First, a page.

I’m starting with some obvious things – trying to improve the household diet, and add some regular exercise in.  But I’ve also thought I need to do some more interaction with adults.  So I’ve joined MOPS – Mothers of Pre-schoolers.  It’s a playgroup where the kids are cared for in their rooms – ie baby and toddler rooms, and the mums get to participate in conversation, some activities and listen to different speakers for a whole two hours, no kids! (unless they need their nappies changed, then you get paged….).  It’s really been interesting and has lead to another positive.  They held are little Market just prior to mother’s day, just for the MOPS mums.  We were encouraged to have a table there if we were starting up a new business, or if we already had one.  It kicked me into gear, an a little seed of an idea that we have been sitting with has sprouted!  The Mister and I are still working on it, but we are setting up an online store.  Once it’s active I’ll write about it a bit more.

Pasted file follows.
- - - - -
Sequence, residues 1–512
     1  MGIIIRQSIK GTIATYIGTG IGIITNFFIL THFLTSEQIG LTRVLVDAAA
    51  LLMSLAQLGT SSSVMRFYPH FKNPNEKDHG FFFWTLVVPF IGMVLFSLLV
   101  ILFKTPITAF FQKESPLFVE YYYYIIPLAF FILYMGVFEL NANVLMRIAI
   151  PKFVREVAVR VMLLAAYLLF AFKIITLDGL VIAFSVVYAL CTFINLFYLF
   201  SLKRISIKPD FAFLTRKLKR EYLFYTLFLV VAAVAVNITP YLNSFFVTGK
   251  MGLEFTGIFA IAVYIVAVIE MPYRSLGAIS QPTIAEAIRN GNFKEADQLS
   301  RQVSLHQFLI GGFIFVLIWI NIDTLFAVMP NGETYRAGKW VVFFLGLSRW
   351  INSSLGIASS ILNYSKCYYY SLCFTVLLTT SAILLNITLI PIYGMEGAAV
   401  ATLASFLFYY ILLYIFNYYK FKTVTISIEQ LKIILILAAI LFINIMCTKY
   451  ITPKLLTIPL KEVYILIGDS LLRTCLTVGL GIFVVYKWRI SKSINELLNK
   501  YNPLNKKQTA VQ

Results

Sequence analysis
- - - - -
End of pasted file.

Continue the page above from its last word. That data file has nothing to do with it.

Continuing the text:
It’s been a bit of a challenge, and a bit nerve wracking – I’ve not really done any retail or markets before, but I do feel it’s actually helping my energy as well.  We’ve got the office tidy and back in control, the same with changing out the pantry, and organising the kitchen.  All things we’ve been meaning to do for ages.  

    Tell me, what have you done to get your mojo back post baby?  Are you still looking for it?  Tell me I’m not the only one????!!!!!! 

    * I’ve linked this up to the Digital Parents Blog Carnival for May 2014!  Click through to check out some really excellent blogs. 

    photo by: MSVG
  • postnatal depression, perinatal depression
    Family,  Parenting,  Post Natal Depression,  Self Care,  Womanhood

    Postnatal Depression

    postnatal depression, perinatal depressionPost Natal Depression. Ah crap. That can’t be right. Not me. My husband is super supportive, I have fantastic support from my mum, family and close friends.